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Hydration: How relevant is water to your health?

They say that the human body can go 3 weeks without food, but only 3 days without water.

The human body is made of anywhere from 55% to 65% water, based on your sex and age.

Seems pretty important.  I think that many of us take hydration for granted simply because, water seems to be all around us.  Obviously, living in Victoria, we are fortunate to not have water issues related to sparsity and or cleanliness.  Turning on the tap, which can be found in every home in the city, provides us with water that in some countries, would be difficult to find, or impossible to drink without potential sickness.

I have found that even with this opportunity, many of us are dehydrated on a daily basis.  It shows up in numerous ways:

  • Dry skin and eyes
  • Dry mouth
  • Low energy
  • Immune compromisation
  • Disturbed sleep
  • Chronic pain and muscle soreness

Often times, thirst can be perceived as hunger and many of us are eating much more than we need, when all our bodies really want is a glass of water.

Here are 4 key changes to make to help ensure that you stay hydrated throughout the day:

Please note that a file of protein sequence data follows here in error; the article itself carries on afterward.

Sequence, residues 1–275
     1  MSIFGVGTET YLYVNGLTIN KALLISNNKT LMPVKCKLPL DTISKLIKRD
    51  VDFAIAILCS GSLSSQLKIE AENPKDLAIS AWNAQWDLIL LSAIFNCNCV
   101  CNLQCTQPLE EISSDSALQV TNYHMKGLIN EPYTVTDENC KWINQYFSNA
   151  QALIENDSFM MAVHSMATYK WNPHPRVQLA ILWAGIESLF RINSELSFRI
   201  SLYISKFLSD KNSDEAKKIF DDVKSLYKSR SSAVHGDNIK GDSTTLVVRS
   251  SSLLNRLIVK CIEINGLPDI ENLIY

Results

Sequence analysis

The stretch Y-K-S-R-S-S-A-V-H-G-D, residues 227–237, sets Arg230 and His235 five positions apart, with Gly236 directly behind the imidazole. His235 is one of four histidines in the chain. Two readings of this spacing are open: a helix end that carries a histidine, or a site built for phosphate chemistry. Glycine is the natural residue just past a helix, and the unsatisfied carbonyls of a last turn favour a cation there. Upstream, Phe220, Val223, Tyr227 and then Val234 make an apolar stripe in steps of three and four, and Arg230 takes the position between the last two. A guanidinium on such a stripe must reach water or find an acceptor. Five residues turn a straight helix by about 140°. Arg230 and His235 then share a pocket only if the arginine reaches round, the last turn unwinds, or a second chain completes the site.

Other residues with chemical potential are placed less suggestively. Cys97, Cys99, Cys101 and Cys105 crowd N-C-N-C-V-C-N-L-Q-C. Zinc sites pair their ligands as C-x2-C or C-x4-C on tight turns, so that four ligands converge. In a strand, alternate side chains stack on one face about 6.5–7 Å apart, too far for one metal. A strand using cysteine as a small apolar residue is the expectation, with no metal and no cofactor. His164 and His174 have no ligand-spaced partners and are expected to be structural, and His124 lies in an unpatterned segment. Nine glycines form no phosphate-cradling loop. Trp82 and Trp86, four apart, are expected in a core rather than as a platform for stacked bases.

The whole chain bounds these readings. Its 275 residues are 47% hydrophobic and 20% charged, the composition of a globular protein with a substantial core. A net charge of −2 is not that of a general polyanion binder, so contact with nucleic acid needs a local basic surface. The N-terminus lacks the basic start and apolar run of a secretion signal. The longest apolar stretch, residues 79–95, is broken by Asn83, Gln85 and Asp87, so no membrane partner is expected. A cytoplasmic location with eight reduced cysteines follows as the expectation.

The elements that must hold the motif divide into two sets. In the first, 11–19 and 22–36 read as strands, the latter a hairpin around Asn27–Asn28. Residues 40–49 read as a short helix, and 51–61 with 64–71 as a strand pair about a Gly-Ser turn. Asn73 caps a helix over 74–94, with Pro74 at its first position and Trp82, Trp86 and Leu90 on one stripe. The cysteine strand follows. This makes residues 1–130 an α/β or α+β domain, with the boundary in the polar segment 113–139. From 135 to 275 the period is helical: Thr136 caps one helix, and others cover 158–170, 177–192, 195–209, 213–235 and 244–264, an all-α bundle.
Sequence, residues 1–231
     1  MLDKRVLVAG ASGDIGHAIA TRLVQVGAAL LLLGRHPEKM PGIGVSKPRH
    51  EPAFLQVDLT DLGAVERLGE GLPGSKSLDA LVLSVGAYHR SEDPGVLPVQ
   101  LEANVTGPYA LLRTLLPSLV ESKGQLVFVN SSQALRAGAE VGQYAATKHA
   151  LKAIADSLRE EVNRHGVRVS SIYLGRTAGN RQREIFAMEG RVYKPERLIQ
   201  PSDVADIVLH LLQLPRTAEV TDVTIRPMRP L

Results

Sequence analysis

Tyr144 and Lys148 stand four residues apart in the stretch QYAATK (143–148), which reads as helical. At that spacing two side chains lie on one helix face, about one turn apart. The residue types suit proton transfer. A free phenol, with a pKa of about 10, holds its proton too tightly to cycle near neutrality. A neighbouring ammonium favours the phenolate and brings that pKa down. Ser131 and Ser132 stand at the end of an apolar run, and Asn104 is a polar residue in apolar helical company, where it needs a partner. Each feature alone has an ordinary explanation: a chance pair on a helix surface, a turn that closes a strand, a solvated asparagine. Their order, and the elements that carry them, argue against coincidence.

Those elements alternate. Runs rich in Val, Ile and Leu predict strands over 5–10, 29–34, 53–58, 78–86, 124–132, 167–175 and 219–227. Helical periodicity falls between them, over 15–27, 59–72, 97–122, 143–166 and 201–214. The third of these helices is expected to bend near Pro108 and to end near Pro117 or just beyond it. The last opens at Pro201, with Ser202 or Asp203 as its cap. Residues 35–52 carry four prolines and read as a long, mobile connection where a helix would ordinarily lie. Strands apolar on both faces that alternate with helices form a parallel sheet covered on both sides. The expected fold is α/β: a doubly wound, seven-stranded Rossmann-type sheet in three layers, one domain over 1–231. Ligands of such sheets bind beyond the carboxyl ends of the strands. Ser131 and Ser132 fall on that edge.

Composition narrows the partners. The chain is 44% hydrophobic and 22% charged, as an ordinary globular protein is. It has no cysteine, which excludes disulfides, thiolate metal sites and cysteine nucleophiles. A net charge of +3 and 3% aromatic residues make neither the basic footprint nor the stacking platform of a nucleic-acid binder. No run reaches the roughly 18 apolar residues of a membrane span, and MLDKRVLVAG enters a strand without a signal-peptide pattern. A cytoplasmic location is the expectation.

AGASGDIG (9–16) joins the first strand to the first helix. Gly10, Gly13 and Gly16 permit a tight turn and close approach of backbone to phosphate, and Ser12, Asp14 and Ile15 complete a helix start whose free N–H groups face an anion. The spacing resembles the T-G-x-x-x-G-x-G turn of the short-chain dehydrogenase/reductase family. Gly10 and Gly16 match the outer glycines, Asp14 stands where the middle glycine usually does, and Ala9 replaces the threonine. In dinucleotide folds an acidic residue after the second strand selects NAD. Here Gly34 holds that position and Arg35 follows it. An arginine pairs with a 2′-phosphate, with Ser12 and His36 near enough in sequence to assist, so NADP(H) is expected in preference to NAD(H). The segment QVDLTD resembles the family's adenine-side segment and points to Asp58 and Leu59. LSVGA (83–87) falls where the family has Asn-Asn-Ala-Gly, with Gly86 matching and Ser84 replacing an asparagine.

1- Start your morning with water

If you are someone that enjoys a cup of tea or coffee to start your day (as I do), delay until you have taken in some water.  I recommend starting your day with a LARGE glass of warm water.  Bonus would be to add lemon to it, which will not only make it taste delicious but will help with the body’s acidity level, absorption of the water and give you immune and digestive system boost.

2- Have water within arms reach in all the main places you spend time.

Self assess your situation in the car, at work, and at home.  If you can take care of home, work and the travel between the two, you will probably make a huge difference in your hydration levels. If you find yourself WAITING for water, then you will be dehydrated regularly.

3- Sip regularly as opposed to drinking large amounts occasionally.

The body does better with a regular stream of water intake rather than a large amount a few times a day.

It’s amazing how something as simple as a glass of water can make such a huge impact.  Happy thirst quenching!

Helpful?  Questions?

drkttleson@uclife.ca

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